The photographer cannot know the answers to these questions. Some of the most powerful photojournalism we have seen has been taken in situations where the consent of the subject is absolutely impossible. Once the photograph is taken, what are we participating in when we view it? Does it matter whether our motivations are pure or vouyeristic?

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There is a link here, of course, with the issue of looking at leaked, explicit photos of people who have made it clear that they do not want the photos to be viewed. It seems clearer cut – the motivation to view such photos cannot be “pure”, although I would argue that it may take several forms, some more excusable than others. Jennifer Lawrence has, unquestionably, been harmed by what has happened this week. But given that she will never know the number of people who have viewed those photos, is she further harmed by any one individual choosing to look at them?

I don’t believe that she is, and although I would say anybody looking at the photographs is participating in degrading her, I would not go so far as to argue that they are assaulting her. I don’t find that claim coherent. She has been harmed, but her distress does not grow with each additional download. I would argue that the problem with viewing those photos is, perhaps ironically, not to do with its impact on her, but rather in what it reveals about the viewers.

There are, no doubt, simply teenagers out there who have a crush on Jennifer Lawrence and consequently find pictures of her especially exciting. This is the most innocent reason I can imagine somebody might have for viewing the photos, and although I hope those boys will have more empathy and a more nuanced understanding of privacy and consent when they’re older, I’m not especially concerned by that.

What I do find disturbing is what the demand for improperly obtained sexual media reveals, given that the internet contains more porn than anybody could watch if they devoted the rest of their lives to it. The fact that people go to the trouble of hacking women’s webcams for the sake of watching them get undressed for bed in the evenings indicates that there is a strong desire among some segment of the population to get off looking at women who don’t know they’re being watched, and wouldn’t want to be. Making a consequentialist case that those women have been harmed even if they never discover their observation is difficult, but making the case that that behaviour reveals a disturbing lack of empathy in the viewer is not.

We must be very careful. If one values empathy highly, it should be hard to walk through the world press photo exhibit. We should leave feeling shaken and questioning what it means to be human. We should struggle. If you can approach the video of James Foley the same way I approach photojournalism, you should be deeply disturbed, and saddened, by what you see. My suspicion is that a lot of people may have watched that video in a different spirit. Perhaps some of them have come to regret that. When we approach this type of media voyeuristically, whether the content is violent or sexual, we cultivate something ugly in ourselves. We are practicing indifference, slowly numbing ourselves to the humanity of others.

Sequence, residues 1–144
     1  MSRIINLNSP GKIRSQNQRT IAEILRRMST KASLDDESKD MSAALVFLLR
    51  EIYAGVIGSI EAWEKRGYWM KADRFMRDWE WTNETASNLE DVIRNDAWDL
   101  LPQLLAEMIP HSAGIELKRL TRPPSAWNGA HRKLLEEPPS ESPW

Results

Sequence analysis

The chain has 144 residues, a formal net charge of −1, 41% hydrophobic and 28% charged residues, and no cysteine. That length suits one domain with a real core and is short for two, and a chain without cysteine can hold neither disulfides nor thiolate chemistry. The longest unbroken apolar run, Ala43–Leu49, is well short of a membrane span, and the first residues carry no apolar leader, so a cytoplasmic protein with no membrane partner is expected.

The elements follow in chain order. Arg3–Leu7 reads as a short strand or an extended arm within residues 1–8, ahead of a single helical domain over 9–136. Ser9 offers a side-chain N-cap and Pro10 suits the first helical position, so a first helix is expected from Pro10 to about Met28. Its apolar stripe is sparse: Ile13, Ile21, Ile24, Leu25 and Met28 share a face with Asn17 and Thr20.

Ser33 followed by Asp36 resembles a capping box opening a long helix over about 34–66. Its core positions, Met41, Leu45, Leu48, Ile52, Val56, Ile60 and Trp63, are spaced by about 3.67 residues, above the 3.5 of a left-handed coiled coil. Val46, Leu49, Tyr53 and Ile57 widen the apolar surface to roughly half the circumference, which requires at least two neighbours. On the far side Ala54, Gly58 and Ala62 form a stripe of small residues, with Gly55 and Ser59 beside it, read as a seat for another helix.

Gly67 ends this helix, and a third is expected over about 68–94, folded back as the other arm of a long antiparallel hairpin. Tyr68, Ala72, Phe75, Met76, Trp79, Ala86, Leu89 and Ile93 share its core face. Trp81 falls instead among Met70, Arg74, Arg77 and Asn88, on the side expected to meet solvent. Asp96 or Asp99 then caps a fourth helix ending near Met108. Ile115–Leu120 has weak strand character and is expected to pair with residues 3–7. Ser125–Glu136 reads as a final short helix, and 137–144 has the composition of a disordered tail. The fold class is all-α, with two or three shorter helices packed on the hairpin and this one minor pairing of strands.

Whatever you do, you do to yourself.

The Nerdy Boy Catch 22

Well, when I started this blog a few weeks back I said I might talk about sex at some point. So here we are. It’s entry five, and I want to talk about boys who don’t get laid enough. Ha ha, you say, it’s a tautology! She’s making a funny joke! Alas, I’m serious. Some people get laid way, way less than they would in a just, sensible world where we weren’t all fucked up over gender roles and carrying around baggage from high school. Substitute “have meaningful romantic relationships” for “get laid” if that’s your preference, “get laid” is just my shorthand.

If you’re a nerdy boy who gets laid enough for your liking, congratulations. This post is not for you. If you’re a nerdy boy who doesn’t get laid enough and what follows here comes across as patronising or useless, I apologise in advance. I just want everyone to get laid more, and I’m trying to do my bit. It’s a tough job, etc.

Doubtless most of you will agree that the heinous experiences most smart people have as teenagers tend to stay with us, even once we find our niche among the other nerdy / alternative types as adults. I think the social stuff is easier to catch up on than the sexual stuff – most of us have made a lot more new friends by the time we’re 25 or 30 than we’ve had new lovers. This results in something I recently christened the Nerdy Boy Catch 22.